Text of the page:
Ed West, an editor in the book publishing field, from Garden City, Michigan read about Mark Waid's recent comments regarding the future of digital and print comics (see "What Is a Comic?") and had this to say.
Mark Waid is welcoming the future, but why has he grown disenchanted with the comics of his youth? Did the stories he love suddenly become less worthy now that digital delivery and new formatting possibilities are emerging? Whether a comic book used to be sold on a spinner rack, outdoor newsstand or specialty shop, it didn't change the quality of the art and story. That is the point, and I believe Mr. Waid is missing that point big-time. Different ways to tell stories in a comic book type format, regardless of how it is delivered, does not magically create better stories, or artwork.
And how much will he pay artists and writers if his comics are getting out there at $1.99 each? By his own admission, he had his chance at BOOM! Studios do something different, to get away from the standard superhero. But, it wasn't until they started doing such comics that they started making money.
"At BOOM! when I started three years we had the luxury of tossing out a few books that maybe would sell three or four thousand copies, but would help us build our ideal library or bring attention to something that's not the standard superhero genre. But over the last few years, it's become incredibly cost prohibitive to do that. I'm really proud of the fact that Irredeemable and Incorruptible are BOOM!'s bestselling books and they bring in a great deal of revenue, but three years ago that was not the mission statement of BOOM! Studios, to do superhero comics... But all our best intentions aside, it wasn't until we did superhero books that making a substantial enough profit to really do well." (Source: Comics Alliance)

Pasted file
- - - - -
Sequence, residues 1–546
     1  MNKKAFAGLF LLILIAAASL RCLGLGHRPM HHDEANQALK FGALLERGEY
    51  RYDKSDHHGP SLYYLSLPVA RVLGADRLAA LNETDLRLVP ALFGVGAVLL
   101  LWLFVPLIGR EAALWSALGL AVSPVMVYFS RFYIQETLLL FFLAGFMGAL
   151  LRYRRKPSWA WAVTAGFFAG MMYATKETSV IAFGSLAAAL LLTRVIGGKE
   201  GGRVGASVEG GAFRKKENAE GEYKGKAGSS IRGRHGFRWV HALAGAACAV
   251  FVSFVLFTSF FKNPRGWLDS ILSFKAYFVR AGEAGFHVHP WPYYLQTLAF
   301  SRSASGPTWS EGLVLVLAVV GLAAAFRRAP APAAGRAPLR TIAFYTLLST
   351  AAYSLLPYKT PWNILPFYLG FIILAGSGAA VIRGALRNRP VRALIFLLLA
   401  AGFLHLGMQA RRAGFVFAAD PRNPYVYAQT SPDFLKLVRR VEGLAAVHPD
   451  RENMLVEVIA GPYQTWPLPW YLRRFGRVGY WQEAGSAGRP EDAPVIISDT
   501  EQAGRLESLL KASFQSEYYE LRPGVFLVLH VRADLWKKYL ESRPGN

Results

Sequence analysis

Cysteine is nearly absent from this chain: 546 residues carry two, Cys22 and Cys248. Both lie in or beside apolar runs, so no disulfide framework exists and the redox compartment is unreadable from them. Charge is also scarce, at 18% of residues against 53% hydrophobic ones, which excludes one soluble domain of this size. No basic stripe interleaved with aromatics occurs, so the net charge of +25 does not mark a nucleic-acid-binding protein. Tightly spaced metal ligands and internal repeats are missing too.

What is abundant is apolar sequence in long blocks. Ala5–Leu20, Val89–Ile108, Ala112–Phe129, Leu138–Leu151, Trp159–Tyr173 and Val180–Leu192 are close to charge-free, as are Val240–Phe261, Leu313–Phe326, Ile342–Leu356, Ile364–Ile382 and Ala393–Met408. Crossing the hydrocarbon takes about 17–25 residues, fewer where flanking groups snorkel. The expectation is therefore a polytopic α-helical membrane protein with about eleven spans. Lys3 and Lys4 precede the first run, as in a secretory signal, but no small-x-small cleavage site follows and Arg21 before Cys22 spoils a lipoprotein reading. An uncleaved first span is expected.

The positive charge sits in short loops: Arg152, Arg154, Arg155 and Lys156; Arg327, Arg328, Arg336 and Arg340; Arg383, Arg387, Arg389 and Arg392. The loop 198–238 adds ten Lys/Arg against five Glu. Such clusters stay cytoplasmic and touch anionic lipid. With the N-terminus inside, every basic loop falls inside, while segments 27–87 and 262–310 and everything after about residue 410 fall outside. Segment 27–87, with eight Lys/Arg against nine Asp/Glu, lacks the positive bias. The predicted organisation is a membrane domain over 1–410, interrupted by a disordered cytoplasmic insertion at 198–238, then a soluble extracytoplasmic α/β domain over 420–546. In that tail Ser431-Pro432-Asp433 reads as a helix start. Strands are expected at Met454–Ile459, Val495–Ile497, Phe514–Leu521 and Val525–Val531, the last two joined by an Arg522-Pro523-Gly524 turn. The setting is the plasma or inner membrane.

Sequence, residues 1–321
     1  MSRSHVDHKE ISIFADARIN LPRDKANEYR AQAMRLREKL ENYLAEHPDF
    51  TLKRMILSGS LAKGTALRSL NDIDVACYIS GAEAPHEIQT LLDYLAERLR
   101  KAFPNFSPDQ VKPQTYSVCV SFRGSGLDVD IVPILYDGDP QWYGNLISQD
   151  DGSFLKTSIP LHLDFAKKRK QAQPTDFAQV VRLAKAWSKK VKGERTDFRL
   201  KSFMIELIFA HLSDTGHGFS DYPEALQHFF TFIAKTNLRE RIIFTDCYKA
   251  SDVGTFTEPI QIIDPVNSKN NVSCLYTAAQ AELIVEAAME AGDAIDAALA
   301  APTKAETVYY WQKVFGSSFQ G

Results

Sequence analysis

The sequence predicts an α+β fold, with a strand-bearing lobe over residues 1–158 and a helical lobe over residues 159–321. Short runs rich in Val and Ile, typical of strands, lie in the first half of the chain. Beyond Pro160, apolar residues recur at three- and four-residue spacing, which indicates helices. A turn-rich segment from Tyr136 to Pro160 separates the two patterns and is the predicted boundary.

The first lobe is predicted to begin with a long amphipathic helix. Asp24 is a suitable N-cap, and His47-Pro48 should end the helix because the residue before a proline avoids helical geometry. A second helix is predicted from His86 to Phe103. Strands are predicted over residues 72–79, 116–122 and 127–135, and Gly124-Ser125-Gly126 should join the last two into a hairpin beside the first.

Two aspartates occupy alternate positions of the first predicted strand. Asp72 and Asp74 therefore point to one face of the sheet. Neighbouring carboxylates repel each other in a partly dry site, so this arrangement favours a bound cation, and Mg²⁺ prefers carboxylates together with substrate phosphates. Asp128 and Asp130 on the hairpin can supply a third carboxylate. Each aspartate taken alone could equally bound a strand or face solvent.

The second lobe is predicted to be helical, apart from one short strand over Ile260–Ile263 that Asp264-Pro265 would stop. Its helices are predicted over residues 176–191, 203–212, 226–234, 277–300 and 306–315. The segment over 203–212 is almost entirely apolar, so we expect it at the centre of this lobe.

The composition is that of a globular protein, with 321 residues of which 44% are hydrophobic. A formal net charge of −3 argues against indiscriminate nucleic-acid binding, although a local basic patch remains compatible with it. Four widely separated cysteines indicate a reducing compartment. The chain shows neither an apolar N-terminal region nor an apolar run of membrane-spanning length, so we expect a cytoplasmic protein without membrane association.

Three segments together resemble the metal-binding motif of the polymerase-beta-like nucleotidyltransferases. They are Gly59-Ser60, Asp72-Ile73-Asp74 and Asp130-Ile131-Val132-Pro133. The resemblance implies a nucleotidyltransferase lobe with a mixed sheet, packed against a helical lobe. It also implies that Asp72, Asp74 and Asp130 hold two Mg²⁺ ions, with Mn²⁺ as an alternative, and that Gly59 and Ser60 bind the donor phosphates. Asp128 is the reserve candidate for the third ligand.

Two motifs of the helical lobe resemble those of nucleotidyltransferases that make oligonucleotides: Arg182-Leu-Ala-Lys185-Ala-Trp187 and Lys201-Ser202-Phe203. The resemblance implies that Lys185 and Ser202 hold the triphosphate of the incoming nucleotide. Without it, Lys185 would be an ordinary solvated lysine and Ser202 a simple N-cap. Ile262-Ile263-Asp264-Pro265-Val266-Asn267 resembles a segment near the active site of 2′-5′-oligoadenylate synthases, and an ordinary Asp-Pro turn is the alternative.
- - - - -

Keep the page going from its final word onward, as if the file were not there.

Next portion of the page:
I would politely suggest to Mr. Waid that great stories and art are not created by new delivery platforms and 'embracing the future' means little without doing something worth paying even 99 cents.
The opinions expressed in this Talk Back are solely those of the writer, and do not necessarily reflect the views of the editorial staff of ICv2.com.
'Missing the Point'
Posted by ICv2 on March 1, 2012 @ 12:38 am CT
MORE TALK BACK
'An anchor to the Milwaukee comics community.'
May 2, 2016
David Beard on the passing of direct market pioneer Ron Killian, owner of The Turning Page.
'Feels like DC is really dropping the ball'
March 21, 2016
John Miller of Docking Bay 94 comments on the release timing of the DC Previews catalog featuring the "Rebirth" solicitations.